Crazy Rich Asians – The Value of Beautiful People

Crazy Rich Asians – The Value of Beautiful People

Crazy Rich Asians – The Value of Beautiful People

I guess when one is starving he is willing to eat trash.

That’s my best explanation for how a generic, hopelessly shallow movie that showed Asian culture to be even vapider than America’s could become so universally praised.

The controllers of this here popular American culture have elevated skin color diversity to such sacrosanct territory that if you give it a movie with some non-white faces, the rush to praise is sycophantic.

I’m told that now, thanks to the all-Asian cast in Crazy Rich Asians, little Asian kids finally have some real role models. That these same Asian kids who have been growing up to dominate education, medicine and money-making just fine thank you very much will no longer be held back by the bigotry of Hollywood.

Furthermore, the rest of us can now count ourselves as exposed to Asian culture. Which is really quite a relief. All these years we had feared our American exceptionalism was a mirage only to learn in this VERY IMPORTANT film that traditional cultures are so very wrong and America is, in fact, exceptional.

That’s the takeaway, right? Eleanor Young (Michelle Yeoh) constantly jabs the openness of America all while offering a dismal alternative. Yes, “family first” may have been the reason for her family’s wealth, but that’s about the only positive outcome it yielded. Eleanor’s kids are mostly annoying, the entire family runs on high levels of resentment/stress, her husband is completely absent, and the pursuit of the superficial drowns out anything resembling virtue. Then she capitulates as if to say, yes, “American” culture (as represented by Rachel [Constance Wu]) is superior to “Asian” culture (as represented by her). Given all that had been presented in the film this was the absolute correct decision. It was also more than a tad disappointing that Crazy Rich Asians offered zero useful takeaways other than a reaffirmation that elevating a family over the individual is problematic.

Yet, as much as these previous six paragraphs may seem to suggest otherwise, I see merit in the color diversity agenda.

The year was 1997 and the day was the best day for a pre-teen heterosexual boy to receive mail: the day the Sports Illustrated Swimsuit Issue arrived. Tyra Banks was on the cover. Tyra Banks is black. I had honestly never seen such an attractive black woman before. And I wasn’t alone. I have vague memories of discussing this very fact with my fellow adolescents, of concluding with them that white women were not alone in their sexiness.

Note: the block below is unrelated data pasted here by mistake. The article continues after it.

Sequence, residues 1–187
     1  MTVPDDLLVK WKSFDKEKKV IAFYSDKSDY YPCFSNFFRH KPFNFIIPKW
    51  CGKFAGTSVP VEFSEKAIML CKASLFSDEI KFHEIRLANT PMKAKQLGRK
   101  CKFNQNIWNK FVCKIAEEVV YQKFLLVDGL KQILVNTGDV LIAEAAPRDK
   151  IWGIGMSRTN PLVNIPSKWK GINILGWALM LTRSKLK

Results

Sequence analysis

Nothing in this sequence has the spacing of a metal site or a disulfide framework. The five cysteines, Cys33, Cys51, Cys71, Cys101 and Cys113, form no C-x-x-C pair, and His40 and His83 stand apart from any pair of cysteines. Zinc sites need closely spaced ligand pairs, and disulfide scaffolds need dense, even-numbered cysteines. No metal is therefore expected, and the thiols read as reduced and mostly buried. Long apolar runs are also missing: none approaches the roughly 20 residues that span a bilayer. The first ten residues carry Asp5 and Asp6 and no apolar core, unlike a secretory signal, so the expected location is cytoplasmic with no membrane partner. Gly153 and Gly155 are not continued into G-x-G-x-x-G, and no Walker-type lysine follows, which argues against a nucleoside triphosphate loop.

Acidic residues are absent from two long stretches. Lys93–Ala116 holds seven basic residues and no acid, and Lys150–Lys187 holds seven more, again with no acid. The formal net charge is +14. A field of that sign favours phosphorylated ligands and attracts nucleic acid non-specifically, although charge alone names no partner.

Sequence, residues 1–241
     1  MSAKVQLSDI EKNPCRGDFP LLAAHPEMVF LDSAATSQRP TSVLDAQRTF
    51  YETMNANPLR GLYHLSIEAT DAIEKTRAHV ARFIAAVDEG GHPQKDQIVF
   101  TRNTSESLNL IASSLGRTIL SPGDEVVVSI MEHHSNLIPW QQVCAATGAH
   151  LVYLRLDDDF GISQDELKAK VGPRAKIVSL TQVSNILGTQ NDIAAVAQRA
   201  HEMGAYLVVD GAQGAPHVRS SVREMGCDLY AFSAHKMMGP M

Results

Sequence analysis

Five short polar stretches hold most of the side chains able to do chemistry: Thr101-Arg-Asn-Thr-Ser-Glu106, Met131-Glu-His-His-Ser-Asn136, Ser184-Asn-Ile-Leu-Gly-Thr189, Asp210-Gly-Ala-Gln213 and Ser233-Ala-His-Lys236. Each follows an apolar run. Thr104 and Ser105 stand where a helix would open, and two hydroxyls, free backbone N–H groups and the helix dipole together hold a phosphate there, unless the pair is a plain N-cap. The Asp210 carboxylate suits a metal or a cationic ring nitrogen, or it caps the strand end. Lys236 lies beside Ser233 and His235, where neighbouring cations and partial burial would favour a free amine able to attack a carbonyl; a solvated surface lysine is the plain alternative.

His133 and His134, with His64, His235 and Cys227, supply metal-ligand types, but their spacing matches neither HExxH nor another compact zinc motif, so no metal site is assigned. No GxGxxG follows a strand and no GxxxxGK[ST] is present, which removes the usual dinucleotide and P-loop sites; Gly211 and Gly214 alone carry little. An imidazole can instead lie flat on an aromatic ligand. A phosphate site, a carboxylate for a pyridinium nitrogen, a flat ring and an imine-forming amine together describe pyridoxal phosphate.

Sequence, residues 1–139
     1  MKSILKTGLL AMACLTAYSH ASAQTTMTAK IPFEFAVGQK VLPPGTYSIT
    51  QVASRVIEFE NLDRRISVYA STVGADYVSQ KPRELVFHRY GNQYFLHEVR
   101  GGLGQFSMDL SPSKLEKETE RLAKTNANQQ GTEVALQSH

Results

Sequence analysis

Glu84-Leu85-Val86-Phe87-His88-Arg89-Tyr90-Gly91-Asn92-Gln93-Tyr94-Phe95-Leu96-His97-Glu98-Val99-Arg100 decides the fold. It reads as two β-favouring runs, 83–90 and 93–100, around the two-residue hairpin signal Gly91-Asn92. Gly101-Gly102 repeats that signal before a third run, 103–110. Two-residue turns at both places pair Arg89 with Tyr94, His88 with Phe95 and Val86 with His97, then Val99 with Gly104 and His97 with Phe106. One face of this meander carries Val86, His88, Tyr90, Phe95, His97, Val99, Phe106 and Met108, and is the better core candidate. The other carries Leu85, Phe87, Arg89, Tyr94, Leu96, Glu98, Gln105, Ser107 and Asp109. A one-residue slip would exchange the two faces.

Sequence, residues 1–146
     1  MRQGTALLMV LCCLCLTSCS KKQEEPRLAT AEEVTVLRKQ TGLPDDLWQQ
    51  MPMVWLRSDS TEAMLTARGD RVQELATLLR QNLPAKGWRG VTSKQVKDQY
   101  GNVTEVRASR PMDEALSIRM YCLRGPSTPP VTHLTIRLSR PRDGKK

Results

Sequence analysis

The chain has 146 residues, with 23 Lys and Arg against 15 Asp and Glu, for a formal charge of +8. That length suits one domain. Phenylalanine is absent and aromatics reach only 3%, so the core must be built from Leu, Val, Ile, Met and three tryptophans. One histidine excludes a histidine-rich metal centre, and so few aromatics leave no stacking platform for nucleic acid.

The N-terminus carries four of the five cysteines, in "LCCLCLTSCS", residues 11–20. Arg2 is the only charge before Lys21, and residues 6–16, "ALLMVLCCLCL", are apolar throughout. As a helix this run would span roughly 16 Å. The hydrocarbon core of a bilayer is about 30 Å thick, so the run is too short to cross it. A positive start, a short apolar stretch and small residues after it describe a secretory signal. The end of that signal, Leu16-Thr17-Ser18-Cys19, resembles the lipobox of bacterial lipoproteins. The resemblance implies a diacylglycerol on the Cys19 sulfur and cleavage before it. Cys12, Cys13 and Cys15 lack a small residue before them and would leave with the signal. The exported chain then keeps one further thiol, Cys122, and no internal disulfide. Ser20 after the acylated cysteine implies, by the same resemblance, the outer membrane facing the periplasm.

If there is anything that’s been shown to shift implicit bias, it’s viewing that which is “other” in a positive light.  The base instinct of finding someone attractive is an important way to get there. After all, if you are sexually attracted to the “other,” it is much harder to view that person as “other.”

It’s in this area where Crazy Rich Asians thrived; the film was overflowing with attractive, charming people. This is not trivial.

Plus, I appreciate that for as far as we’ve progressed, people tend to identify with people who look like them. So Asians seeing Asians in the positive light of attractiveness is also not trivial.

Though it seems that a truly advanced civilization will render this tendency maladaptive – that inspiration and association will come from anywhere with equal weight. Is it possible for humans to get there? Let Kanye West lead the way:

“They act like we can’t be inspired by nobody that’s not our culture, color. I love Michael Jordan but I’m more inspired by Steve Jobs. I connect more with Steve Jobs than I connect to Michael Jordan.”

“Crazy Rich Asians” did not make me THINK.

Peik Lin Goh (Awkwafina) was unfunny 70% of the time. But boy, the 30% when she was funny was pretty great. Like when she faux fights the offer to go to dinner. Or when she takes selfies walking up the stairs. Even during the 70%, her presence was always welcomed.

“Crazy Rich Asians” made me LAUGH.

When will romantic comedy lovers ever learn that keeping a massive secret from one’s significant other, especially a secret that’s 100% bound to be discovered, is a terrible idea? For all of Nick Young’s (Henry Golding) greatness, he somehow didn’t spend the ten seconds required to properly weigh the pros/cons of his deception. Then again, if he spent those ten seconds, the plot of Crazy Rich Asians and some 75% of romantic comedies would be destroyed.

And romantic comedies are great. So great that even with a hackneyed plot, I can still cry during the well-orchestrated wedding (wonderful music) and the you-knew-it-was-going-to-happen ending.

“Crazy Rich Asians” made me CRY.


Adam Schaefer

Adam Schaefer

Adam likes banana flavoring more than bananas. His first R-rated movie was "Beverly Hills Cop 3." He is also a semi-famous somniloquist.
Adam Schaefer

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